Most libertarians believe the states and communities should decide their own abortion laws. Anyone that thinks abortion should be federally regulated is not very libertarian.


You are saying that libertarians are strong believers in community standards?
 
2014-01-26 03:56:25 PM  

legion_of_doo: jaytkay: Enemabag Jones: \I have never understood how there can be pro-life libertarians.

"Libertarians" are authoritarian when it comes to other peoples' lives.
Think of the "states rights" types who say that eliminating slavery was an encroachment on freedom.

Well, everyone is kinda authoritarian when it comes to what they think is right versus what they think other people are wrong about.

/Also, those Jappos were good Buddhists when they farked the shiat out of Nanjing


Or ethnic violence against the Rohingya in Thailand.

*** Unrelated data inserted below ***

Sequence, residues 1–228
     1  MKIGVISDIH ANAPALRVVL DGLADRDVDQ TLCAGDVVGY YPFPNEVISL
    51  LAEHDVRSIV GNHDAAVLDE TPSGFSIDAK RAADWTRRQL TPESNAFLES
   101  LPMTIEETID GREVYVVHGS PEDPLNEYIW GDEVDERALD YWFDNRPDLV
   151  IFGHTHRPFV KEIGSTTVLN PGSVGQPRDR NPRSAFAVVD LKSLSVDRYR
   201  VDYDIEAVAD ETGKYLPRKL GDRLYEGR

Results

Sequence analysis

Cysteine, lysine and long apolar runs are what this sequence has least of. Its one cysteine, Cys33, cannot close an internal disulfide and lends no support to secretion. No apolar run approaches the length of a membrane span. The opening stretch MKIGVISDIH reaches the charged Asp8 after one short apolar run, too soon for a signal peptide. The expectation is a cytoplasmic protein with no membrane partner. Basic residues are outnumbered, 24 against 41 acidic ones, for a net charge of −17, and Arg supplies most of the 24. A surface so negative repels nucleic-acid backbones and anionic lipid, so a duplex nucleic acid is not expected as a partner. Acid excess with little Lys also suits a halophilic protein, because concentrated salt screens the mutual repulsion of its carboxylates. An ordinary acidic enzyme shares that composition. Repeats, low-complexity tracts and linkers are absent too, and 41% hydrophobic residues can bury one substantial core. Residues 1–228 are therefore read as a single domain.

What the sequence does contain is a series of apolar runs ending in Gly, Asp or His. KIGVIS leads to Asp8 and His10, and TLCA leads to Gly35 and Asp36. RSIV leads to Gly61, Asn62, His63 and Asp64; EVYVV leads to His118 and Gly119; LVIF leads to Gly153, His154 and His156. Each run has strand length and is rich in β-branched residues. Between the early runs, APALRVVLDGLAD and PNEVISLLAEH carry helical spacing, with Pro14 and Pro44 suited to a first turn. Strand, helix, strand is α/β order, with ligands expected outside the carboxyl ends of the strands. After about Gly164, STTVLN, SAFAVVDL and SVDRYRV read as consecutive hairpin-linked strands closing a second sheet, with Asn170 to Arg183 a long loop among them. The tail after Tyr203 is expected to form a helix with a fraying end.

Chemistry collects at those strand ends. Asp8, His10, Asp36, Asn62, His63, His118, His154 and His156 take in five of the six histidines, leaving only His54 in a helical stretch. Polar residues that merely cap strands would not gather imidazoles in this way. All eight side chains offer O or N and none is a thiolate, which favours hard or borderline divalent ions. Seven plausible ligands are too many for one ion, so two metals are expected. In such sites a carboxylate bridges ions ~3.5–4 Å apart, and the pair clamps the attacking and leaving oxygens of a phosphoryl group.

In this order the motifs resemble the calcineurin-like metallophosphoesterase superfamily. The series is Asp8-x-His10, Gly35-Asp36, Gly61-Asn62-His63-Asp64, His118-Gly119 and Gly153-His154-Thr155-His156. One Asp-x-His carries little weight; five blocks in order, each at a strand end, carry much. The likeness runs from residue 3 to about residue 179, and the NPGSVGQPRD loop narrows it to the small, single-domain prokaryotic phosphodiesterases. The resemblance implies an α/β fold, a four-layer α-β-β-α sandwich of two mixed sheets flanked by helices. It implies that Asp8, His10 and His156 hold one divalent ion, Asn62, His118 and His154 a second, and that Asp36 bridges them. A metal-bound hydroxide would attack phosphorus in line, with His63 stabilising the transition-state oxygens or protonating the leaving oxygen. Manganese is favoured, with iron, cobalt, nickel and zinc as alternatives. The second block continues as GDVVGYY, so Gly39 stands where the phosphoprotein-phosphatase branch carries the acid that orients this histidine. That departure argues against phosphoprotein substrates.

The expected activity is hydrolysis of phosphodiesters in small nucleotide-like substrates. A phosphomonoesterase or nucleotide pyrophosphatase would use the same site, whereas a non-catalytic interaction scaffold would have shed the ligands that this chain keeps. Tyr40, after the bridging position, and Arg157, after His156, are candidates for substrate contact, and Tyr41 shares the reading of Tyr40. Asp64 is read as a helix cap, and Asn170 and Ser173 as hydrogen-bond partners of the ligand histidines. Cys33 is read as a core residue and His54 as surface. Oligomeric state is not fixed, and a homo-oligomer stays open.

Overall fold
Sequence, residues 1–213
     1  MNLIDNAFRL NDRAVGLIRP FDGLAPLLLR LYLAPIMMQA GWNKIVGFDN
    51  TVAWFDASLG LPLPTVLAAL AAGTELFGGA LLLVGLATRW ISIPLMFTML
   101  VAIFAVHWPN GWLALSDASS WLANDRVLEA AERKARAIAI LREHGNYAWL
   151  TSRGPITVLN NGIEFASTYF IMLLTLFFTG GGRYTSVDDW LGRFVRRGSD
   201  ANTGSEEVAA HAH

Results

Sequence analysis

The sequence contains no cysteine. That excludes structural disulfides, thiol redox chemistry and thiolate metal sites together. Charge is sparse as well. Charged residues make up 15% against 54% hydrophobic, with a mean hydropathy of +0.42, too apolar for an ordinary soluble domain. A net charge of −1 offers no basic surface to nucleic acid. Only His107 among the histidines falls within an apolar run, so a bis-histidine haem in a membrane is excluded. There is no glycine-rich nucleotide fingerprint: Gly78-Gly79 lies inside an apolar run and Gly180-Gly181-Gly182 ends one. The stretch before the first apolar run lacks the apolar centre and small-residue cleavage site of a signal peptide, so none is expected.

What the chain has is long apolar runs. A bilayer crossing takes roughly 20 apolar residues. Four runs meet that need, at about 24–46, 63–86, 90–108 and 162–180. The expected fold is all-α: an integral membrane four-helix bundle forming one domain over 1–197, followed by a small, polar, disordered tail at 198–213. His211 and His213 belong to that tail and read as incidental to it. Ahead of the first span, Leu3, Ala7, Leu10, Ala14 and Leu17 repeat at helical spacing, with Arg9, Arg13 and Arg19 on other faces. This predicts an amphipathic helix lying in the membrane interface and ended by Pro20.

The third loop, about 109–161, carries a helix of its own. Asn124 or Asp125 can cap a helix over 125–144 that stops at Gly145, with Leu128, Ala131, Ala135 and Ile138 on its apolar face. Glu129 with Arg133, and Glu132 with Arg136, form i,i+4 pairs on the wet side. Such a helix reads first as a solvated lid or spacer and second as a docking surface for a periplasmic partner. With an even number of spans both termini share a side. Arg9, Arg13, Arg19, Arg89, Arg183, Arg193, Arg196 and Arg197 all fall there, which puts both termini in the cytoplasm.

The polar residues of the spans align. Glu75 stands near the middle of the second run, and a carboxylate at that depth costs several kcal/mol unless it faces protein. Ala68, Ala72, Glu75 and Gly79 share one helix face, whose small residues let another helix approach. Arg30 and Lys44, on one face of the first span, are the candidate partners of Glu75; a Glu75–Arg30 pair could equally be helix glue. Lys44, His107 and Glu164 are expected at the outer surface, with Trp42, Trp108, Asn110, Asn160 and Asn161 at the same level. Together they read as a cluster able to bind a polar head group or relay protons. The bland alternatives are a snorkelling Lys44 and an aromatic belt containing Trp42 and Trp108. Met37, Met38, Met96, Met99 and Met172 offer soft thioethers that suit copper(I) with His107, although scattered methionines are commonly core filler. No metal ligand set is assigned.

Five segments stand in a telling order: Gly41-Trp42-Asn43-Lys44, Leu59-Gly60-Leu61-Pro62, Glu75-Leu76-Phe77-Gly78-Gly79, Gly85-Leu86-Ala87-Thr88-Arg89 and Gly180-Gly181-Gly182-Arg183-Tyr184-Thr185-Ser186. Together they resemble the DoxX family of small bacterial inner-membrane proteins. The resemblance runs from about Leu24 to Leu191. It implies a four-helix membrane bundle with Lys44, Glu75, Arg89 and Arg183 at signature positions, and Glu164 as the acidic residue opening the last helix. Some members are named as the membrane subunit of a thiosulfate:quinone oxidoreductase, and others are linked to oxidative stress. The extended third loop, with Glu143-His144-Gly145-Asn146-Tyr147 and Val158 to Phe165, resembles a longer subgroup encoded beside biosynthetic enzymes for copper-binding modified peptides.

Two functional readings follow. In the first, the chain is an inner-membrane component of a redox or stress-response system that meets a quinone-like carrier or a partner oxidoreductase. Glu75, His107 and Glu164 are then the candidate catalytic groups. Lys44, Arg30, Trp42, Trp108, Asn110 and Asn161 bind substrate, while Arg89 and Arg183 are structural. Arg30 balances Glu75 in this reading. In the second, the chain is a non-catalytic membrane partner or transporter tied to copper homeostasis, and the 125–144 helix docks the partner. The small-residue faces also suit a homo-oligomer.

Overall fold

Buddhists are about as "pure" as the Catholic church, though I'm sure Asians see most Christian clergy as holy exorcists too.
 
2014-01-26 03:56:46 PM  

flondrix: badhatharry: Most libertarians believe the states and communities should decide their own abortion laws. Anyone that thinks abortion should be federally regulated is not very libertarian.

So, libertarians think it is OK for a state to regulate women's reproductive organs?

Are there any libertarian women?  I haven't encountered any.


Usually single white guys in the ESPN demo (18-35) who can't stomach the Xtian bent of the GOP and/or just want to smoke dope.  Then you have the single issue married guys who think they could support their crotchfruit better if they didn't pay so much in taxes, which of course means changing the entire system for everyone (and leaving them with only slightly more money that buys less in a society with fewer public benefits).

But no women.  They seem to either line up in the "you should be scared of thuggy blacks" side or the "you should be scared of old men with bibles" side.  It's also very un-libertarian to let guys buy you dinner all the time.
 
2014-01-26 03:57:15 PM  

badhatharry: Most libertarians believe the states and communities should decide their own abortion laws


Why would libertarians even support any laws regarding abortion regardless of what level of government handles it? Don't they favor a hands off approach to these sorts of things?